In your latest film, Noor, you play the role of a journalist. Could you talk about the character a little? Were you able to connect to her, identify with her, on a personal level?

A. This film is a very, very special film for me because when I was listening to the narration, I could immediately connect with the character. And she is somebody who is so real and is like today’s modern-day girls; she is someone who wants to achieve everything in life, basically. She wants to have great career, a good relationship and a perfect figure. And her struggle is to achieve all these things, all at once, which is every girl’s story. So, I really connected with her. The film is about the journey of a girl who wants to make her name. She wants to make something out of her, something worthwhile. Being a journalist, she has the power to do that. And in her journey, she has gone through it all — like how she ends up making mistakes and then rectifies them. Basically, it is about her career and her relationship with all her emotions and struggles together.

Q. Did you go through any sort of special preparation to play this role? Did you, for instance, meet any senior journalists to get a better perspective on their profession?

A. Actually, I didn’t have to, as it was such a relatable character. And honestly, I really don’t prepare for any of roles, unless it is something like Akira, where I have to physically train myself for fight sequences and to be able to reach that level of physical fitness. I am a complete director’s actor. I like to speak to the director and understand what their vision is and how they visualise the character and how they would like to go ahead and how they would like me to portray it. As an actor, it’s my job to portray what the director wants. So, Sunhil Sippy explained it to me really well how he wanted me to do this role.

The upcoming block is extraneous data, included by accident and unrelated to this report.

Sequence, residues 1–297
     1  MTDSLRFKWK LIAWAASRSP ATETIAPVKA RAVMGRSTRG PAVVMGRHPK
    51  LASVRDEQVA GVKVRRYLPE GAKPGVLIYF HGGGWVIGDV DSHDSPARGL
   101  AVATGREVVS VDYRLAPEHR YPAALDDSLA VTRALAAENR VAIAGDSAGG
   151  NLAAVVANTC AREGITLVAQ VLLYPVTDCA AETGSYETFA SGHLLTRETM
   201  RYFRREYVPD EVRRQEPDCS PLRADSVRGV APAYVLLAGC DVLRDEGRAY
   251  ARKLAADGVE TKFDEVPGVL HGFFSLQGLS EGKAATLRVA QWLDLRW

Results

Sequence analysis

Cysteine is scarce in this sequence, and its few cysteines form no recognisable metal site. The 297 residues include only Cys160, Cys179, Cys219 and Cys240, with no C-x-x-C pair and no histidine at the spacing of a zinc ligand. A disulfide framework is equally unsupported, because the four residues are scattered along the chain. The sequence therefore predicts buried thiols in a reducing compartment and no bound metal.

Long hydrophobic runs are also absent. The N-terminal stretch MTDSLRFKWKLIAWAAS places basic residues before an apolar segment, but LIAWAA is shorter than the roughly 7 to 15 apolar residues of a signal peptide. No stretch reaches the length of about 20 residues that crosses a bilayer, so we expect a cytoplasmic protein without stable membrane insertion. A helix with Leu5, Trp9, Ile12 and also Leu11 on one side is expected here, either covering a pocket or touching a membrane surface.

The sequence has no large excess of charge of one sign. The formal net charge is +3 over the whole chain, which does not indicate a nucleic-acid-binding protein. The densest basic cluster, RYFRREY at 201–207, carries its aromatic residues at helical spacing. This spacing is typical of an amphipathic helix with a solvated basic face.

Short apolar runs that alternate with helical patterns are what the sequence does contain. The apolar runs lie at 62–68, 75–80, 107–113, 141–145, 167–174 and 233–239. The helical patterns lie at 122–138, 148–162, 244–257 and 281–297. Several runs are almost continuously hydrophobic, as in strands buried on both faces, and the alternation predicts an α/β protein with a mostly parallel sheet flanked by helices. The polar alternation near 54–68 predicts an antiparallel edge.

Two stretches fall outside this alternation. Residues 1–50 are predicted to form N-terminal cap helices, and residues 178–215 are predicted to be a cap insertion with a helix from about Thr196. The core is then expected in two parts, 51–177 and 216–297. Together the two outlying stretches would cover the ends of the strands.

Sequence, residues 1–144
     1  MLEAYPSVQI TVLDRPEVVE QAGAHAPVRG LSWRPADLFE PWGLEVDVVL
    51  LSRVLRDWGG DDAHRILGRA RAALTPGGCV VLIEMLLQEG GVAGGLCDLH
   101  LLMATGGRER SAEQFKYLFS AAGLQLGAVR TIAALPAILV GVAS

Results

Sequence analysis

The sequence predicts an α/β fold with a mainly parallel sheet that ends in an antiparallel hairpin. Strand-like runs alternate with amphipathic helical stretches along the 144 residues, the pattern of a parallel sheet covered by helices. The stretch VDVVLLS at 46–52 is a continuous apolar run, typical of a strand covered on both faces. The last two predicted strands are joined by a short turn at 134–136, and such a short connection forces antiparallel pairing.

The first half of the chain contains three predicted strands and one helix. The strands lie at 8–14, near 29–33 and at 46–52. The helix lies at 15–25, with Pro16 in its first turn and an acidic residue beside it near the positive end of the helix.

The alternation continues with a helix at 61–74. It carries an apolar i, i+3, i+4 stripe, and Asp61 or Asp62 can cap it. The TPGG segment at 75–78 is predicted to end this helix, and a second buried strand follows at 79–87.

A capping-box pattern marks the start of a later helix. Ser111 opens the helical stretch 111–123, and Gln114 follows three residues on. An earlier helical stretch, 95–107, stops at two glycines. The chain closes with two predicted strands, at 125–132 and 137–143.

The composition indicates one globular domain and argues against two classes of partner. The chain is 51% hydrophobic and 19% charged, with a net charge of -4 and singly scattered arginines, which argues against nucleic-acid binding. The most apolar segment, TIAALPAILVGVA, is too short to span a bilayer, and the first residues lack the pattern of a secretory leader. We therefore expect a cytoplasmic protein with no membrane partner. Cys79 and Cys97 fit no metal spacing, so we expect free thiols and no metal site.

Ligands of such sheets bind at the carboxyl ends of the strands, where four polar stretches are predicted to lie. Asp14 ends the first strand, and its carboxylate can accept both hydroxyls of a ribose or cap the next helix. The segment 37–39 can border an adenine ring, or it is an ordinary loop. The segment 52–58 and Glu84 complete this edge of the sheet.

I didn’t look at this character particularly as a journalist because obviously I knew I am acting. I don’t have to do research and run behind the story. I have to act like I am doing it. For me, it was more about the personality of the girl. It was easier to play her as it was so real. And there were certain parts of the film where I was thinking, “Why am I even acting? Even I would react in the same way as Noor does or anybody else would in a particular situation.”

Q. Most of your past roles in a series of films were based on humourous and cheerful characters. Are you like that in real life?

A. Yes, humour is what gets me through life and every situation. In every situation, I try to find humour as it makes it so much easier to deal with. It’s nice when you can crack a joke and take a joke on yourself. It makes life way easier.

“Every individual has their own share of struggles. If you ask me, every star kid has the burden of expectations as he/she happens to be the son/daughter of an actor. They are always being compared with their parents. And if their parents are highly successful, the pressure is even more.”

Q. So, that is what explains your preference for comic roles?

A. I guess — but I don’t think in that way. There were films which I wanted to be a part of — I like to see myself onscreen, and that is why I chose some films. They happen to be humourous, coincidently. I also did a very serious role in Lootera and Akira. Dabang was also not humourous in any way. So, there’s a balance.